According to Friend & Kohn (2007), after establishing a sound health and safety program, the last step involves evaluating it to determine if it is being executed as it was intended. Then the organization should periodically assess the program to establish if it is track and to identify what is working and what has failed. Monitoring is a better way of evaluating individual employees on their ability to follow health and safety rules. Lagging indicators should be applied to tracking individual injuries that have occurred. Leading indicators, on the other hand, should be applied in determining how well the health and safety program has been implemented. Performance indicators may either be qualitative or quantitative. However, quantitative indicators are better because they are measurable and can show to what degree the organization has achieved the goals of the health and safety program. To evaluate the departmental ability to follow health and safety program, the entire organization must evaluate the program to ensure that it is operational and effective in controlling hazards. To accomplish this, it is important to review the results of compliance report to ensure that any shortcomings are identified and that the right action is taken to prevent recurrence. Another method to evaluate the effectiveness of departments in implementing the safety program is reviewing the key components of the program to determine if they are being followed. Each department should be able to determine whether key processes are operational and whether they are in place as was planned.
Impacts of Health and Safety Program
A well thought out health and safety program impact the whole organization in many ways. Other than being a key social and legal obligation, it also ensures that the health condition of the employees remains the same as they were before joining the organization. As Reese (2016) points out, it ensures that employees’ health is not impaired in any way while at work. Compliance with safety and health standards also increases an organization’s profitability and overall competitiveness. An organization that maintains high safety and health standards motivates employees to work hard which means high productivity and a high return on investment. An organization that is fully committed to safety issues also influence other stakeholders such as investors. Stakeholders believe that a sound health and safety program demonstrates that the organization is socially responsible (Reese, 2016). It also helps in protecting as well as enhancing the organizational credibility. Stakeholders also believe that it helps in building a happier, healthier and more competent workforce. Also peculiar to a well-designed health and safety program is the ability to bring down organizational costs related to nursing injuries. Finally, it encourages employees to serve the organization for a longer period as well as enhancing the organization’s ability to meet the needs of its customers without disruptions.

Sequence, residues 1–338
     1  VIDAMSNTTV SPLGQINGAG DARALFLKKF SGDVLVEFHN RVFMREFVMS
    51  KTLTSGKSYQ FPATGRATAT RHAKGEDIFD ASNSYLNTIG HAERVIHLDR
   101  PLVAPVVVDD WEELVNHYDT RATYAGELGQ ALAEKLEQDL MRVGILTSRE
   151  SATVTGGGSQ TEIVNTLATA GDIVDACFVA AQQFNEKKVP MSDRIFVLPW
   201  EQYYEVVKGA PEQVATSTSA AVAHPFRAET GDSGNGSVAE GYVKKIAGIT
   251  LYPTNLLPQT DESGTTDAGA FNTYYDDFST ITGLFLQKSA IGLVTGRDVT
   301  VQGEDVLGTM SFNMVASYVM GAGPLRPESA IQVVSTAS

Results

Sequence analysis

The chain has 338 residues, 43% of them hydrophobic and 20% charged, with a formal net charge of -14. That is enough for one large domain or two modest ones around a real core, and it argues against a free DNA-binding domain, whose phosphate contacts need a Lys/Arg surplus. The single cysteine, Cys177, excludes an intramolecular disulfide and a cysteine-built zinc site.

In conclusion, it is clear from the above discussion that an effective approach requires that both the organizational management and the employees show a positive and active commitment to a health and safety program. For this reason, organizations must include health and safety issues in their corporate governance programs. Moreover, it is the management’s role to ensure that risks and hazards are not only identified but also properly addressed by all the stakeholders. Motivating all parties across the entire organization to understand and maintain high safety standards is of great importance. As indicated in the above discussion, simple improvements in matters related to health and safety can have greater impacts on the employees, stakeholders, and to the organization as a whole.
Foster, J., & Barnetson, B. (2016). Health and safety in Canadian workplaces. Edmonton, AB: AU Press, Athabasca University.
Friend, M. A., & Kohn, J. P. (2007). Fundamentals of occupational safety and health. Lanham, Md: Government Institutes.
Maine. (2000). Basic elements of an effective safety and health program. Augusta, Me.: Maine Dept. of Labor.
National Institute for Occupational Safety and Health. (2013). Health and safety training. Washington, D.C.: National Institute for Occupational Safety and Health.
Reese, C. D. (2016). Occupational health and safety management: A practical approach. Boca Raton: CRC Press, Taylor & Francis Group.
Taylor, B. (2005). Effective environmental, health, and safety management using the team approach. Hoboken, N.J: Wiley-Interscience.